Mitsubishi Heavy Industries, a Japanese company is constructing the world’s largest net-zero carbon emissions hydrogen steel plant in Austria. Through a British unit, Mitsubishi Heavy is constructing the pilot plant at a complex of Austrian steelmaker Voestalpine. The trial operation is scheduled to begin later this year. The plant will use hydrogen instead of coal in the reduction process for iron ore. The next-generation equipment will produce 250,000 tons of steel product a year. The global steel industry generated about 2 billion tons of Carbon Dioxide in 2018, according to the International Energy Agency (IEA), double the volume in 2000. The steel sector’s share among all industries grew BY 5% to 25%.
Mitsubishi Heavy’s plant adopts a hydrogen-consuming reduction process called direct reduced iron (DRI). DRI equipment produces less steel than blast furnaces typically used, and they require half the investment, which is approximately US$4.8 billion out of the total US$9.6 billion. However, since DRI produces less steel, low-cost hydrogen will be essential for attaining the same level of cost-competitiveness as blast furnaces. Iron ore reduction accounts for much of the CO2 emissions in steelmaking. Japanese steelmakers including Nippon Steel are developing hydrogen-consuming reduction processes based on the conventional blast furnace design.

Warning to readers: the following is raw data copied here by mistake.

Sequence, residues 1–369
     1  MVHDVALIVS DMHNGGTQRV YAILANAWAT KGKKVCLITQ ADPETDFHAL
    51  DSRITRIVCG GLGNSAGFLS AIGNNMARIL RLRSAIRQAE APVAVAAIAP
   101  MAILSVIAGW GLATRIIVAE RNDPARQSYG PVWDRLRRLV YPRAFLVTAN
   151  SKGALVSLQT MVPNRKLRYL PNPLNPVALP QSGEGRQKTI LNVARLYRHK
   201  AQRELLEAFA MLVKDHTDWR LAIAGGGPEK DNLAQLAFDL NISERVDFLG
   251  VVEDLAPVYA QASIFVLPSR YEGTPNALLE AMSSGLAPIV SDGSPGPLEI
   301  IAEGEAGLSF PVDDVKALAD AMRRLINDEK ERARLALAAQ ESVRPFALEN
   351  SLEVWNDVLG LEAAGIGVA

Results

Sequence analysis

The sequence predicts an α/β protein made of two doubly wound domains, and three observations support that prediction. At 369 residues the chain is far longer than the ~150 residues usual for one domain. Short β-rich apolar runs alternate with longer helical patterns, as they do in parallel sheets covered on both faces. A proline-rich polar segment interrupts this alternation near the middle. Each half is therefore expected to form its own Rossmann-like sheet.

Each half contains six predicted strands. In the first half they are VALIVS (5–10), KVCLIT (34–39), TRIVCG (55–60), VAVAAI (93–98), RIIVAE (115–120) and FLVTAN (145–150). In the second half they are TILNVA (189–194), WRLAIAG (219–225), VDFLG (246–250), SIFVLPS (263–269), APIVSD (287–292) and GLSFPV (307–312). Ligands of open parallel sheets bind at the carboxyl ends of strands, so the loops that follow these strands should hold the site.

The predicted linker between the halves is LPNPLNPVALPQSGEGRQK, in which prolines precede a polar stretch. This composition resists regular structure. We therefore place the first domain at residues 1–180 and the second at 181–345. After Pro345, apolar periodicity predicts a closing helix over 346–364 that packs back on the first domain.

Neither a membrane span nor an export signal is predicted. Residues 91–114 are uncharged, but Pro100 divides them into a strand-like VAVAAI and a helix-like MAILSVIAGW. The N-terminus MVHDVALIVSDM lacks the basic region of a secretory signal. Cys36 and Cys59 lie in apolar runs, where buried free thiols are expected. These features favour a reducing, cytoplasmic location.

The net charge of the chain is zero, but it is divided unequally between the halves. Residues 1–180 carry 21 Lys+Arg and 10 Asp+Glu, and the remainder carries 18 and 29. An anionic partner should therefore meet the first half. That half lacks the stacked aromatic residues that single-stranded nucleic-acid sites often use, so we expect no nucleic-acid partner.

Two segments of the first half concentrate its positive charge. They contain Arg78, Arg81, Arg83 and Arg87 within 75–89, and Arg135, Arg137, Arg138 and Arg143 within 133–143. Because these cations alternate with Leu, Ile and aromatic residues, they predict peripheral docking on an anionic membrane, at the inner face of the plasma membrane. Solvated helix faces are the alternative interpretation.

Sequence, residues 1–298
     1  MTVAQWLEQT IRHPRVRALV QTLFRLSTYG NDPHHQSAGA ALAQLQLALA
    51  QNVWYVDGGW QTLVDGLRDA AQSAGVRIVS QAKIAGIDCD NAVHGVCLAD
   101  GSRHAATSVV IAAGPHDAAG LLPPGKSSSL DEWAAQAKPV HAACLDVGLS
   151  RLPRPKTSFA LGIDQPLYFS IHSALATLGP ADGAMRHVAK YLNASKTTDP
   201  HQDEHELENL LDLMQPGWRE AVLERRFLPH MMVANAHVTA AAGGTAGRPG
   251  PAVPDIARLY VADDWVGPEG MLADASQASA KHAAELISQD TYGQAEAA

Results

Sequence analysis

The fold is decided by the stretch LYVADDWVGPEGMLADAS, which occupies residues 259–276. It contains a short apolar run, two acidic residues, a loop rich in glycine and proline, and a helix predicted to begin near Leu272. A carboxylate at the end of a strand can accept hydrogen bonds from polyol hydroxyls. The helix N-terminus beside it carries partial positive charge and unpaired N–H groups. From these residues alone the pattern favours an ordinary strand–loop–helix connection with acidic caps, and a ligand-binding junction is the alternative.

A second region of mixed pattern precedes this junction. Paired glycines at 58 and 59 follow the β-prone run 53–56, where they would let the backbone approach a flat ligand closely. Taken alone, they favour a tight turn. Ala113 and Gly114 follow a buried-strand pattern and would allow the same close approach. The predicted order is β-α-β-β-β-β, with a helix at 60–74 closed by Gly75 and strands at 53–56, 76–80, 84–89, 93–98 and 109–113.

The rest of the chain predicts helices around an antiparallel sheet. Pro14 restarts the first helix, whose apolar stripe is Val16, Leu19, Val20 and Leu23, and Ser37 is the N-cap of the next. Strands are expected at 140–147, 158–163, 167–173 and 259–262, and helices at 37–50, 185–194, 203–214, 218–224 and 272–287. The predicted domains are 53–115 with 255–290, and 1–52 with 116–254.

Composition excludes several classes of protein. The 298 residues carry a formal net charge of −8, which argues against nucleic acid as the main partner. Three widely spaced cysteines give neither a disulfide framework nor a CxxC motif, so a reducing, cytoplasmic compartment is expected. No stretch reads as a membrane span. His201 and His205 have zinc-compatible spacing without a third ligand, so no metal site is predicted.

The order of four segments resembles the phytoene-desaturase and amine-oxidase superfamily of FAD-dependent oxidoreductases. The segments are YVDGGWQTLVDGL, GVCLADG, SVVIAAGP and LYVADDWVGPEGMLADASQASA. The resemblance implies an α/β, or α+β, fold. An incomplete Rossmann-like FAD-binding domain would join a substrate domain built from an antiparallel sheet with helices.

Mitsubishi Heavy is currently the world’s third-largest steelmaking equipment supplier and is taking it a step further by securing a hydrogen supply chain. It has already purchased a stake in a Norwegian outfit that makes hydrogen-producing equipment and plans to acquire stakes in hydrogen producers in Australia, among other places. The company will oversee equipment engineering and construction and the supply of hydrogen once operational. In doing so, it will capture the steel industry’s demand for hydrogen as it decarbonizes. The European Union announced in July an initiative to invest US$572 billion in hydrogen by 2050. Hydrogen steel plants are anticipated to receive support. Europe is home to a growing number of businesses that deal in hydrogen.